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Heart Foundation research funding hits $70 million in 50th Year

The Heart Foundation announced $4.3 million dollars of funding today for heart research and specialist training for New Zealand cardiologists in 2018, bringing the total awarded by the charity since its formation in 1968, to more than $70 million.

Gerry Devlin, Heart Foundation Medical Director says the organisation was particularly pleased to award an extra $1 million in recognition of its 50th Anniversary Year, which means more funding than ever before.

“This year, we received a number of high quality research applications across the whole cardiovascular health bench-to-bedside spectrum; basic science, public health, prevention and patient management,” says Devlin.

“Our intent is not only to support research which will improve cardiovascular care globally, but  also address New Zealand-specific issues with several of this year’s grants. These include a vaccine that could potentially prevent rheumatic fever in New Zealand, a kaupapa Māori nutrition research project for cardiovascular health, and the ongoing development and assessment of chest-pain pathways in rural communities.”

The vaccine project could see Kiwi kids going to the doctor for a teaspoon of special yoghurt to protect against rheumatic fever-related heart damage or premature death.

“Our vaccination strategy is quite unique as it uses a live, food-grade bacteria to produce and deliver the vaccine to protect against Strep A,” says Heart Foundation Fellow Jacelyn Loh from the University of Auckland.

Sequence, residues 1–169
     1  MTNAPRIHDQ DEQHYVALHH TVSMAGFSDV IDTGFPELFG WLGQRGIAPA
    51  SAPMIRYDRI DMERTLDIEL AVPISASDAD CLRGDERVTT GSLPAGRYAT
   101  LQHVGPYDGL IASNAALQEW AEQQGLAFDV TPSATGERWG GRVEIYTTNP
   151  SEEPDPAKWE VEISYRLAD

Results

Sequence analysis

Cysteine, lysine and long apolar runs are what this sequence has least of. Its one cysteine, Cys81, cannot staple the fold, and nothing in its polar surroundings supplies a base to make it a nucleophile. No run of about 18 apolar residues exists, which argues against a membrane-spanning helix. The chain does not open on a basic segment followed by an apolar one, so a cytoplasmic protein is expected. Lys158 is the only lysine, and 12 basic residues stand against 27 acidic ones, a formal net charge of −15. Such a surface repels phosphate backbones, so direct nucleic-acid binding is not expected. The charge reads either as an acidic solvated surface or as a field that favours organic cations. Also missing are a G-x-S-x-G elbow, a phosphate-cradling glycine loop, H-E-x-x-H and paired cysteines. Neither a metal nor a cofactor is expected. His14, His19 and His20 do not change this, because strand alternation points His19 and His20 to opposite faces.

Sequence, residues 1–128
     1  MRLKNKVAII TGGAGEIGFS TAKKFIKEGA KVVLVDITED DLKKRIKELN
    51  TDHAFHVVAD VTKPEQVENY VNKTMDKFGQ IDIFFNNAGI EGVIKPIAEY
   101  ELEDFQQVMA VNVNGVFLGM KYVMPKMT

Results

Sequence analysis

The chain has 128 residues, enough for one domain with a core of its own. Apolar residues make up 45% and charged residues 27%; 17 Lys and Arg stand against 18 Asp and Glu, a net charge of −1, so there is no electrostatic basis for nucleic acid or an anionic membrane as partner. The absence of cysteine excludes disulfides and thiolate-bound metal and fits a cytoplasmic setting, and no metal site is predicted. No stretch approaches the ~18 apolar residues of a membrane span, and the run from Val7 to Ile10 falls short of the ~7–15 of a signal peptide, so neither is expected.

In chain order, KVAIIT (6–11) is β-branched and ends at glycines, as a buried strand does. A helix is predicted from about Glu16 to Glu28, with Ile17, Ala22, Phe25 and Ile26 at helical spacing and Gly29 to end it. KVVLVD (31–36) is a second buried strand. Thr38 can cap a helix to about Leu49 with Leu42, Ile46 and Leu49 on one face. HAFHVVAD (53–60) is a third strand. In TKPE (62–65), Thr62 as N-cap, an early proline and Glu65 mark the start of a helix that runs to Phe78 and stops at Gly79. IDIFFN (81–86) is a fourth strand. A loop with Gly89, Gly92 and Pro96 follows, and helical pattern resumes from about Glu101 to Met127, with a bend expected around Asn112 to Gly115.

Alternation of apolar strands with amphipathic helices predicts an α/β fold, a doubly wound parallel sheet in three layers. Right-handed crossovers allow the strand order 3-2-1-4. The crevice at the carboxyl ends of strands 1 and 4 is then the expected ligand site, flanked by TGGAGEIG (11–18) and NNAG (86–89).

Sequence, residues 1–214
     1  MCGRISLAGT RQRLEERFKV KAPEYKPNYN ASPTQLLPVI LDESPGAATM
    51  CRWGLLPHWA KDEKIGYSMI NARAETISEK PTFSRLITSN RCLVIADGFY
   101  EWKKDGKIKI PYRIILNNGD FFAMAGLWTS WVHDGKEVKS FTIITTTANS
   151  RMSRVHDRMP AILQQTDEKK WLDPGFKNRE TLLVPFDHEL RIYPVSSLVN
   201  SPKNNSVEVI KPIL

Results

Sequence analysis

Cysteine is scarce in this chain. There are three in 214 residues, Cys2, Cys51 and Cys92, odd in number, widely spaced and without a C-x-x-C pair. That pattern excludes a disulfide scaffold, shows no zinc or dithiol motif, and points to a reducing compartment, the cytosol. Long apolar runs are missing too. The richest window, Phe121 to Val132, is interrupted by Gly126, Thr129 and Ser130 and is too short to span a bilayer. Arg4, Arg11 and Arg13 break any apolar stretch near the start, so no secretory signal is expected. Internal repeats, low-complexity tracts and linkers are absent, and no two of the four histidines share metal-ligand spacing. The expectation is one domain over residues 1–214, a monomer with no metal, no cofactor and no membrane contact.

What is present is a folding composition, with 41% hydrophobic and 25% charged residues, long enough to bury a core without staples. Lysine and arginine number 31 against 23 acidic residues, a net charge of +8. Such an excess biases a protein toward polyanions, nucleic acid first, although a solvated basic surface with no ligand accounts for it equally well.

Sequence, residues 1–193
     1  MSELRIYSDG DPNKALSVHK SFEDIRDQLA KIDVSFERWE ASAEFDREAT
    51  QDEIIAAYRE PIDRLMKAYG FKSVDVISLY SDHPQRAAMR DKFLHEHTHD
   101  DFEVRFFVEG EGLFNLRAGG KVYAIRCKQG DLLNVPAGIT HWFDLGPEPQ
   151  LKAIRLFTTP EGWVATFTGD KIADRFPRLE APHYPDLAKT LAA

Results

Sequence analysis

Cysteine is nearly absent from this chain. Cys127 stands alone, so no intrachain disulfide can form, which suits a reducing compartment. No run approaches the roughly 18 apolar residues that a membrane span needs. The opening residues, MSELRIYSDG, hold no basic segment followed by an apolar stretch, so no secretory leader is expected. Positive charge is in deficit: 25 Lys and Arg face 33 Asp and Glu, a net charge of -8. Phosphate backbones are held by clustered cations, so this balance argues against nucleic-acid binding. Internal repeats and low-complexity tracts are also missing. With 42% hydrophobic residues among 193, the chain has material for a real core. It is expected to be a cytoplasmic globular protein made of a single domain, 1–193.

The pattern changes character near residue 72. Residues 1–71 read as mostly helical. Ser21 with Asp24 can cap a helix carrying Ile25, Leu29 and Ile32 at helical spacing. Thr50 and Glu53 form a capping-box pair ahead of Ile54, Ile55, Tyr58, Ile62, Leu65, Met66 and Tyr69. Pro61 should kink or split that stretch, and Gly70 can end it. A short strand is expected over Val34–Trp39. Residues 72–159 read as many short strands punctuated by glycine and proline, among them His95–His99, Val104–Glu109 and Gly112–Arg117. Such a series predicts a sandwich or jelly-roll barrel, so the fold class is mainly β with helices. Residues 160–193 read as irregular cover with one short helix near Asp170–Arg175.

Strep A causes a sore throat or skin infection and, untreated, can lead to acute rheumatic fever (ARF), rheumatic heart disease (RHD), permanent heart damage and premature death.   

Mrs Erina Korohina of Toi Tangata received this year’s Heart Foundation Māori Cardiovascular Research Fellowship, and Dr Anna Rolleston from Tauranga’s Centre for Health has been awarded a $150,000 project grant – both for a new project on the barriers, enablers and solutions around healthy nutrition for Māori.

Deaths from cardiovascular disease (CVD) among Māori are more than twice that of non-Māori, and Māori are more than 1.5 times as likely to be hospitalised for the disease.

“From my many years working in Māori Health, particularly community development in Tai Tokerau, I personally witnessed what the statistics tell us – there is an equity gap in CVD prevalence between Māori and non-Māori,” says Korohina.

“I saw that the programmes that didn’t work for Māori are those that don’t respond to a Māori world view. This new research funding and my Heart Foundation Fellowship means we will continue to build the evidence-base to show kaupapa Māori and co-design nutrition programmes actually work.”

Rolleston agrees and says their approach is unique, as they will engage the whole whānau in a “bottom-up” process. It will be “built by the people, they will have ownership, so it is much more likely to be successful than if we just brainstormed around a table.”

This year’s funding includes 14 Fellowships and scholarships, 10 project grants, 7 small project grants, five travel grants, and two ‘grant-in-aid’ grants. Five summer studentships were also awarded to the Medical Schools at the University of Auckland and the University of Otago. 

See full list of grants awarded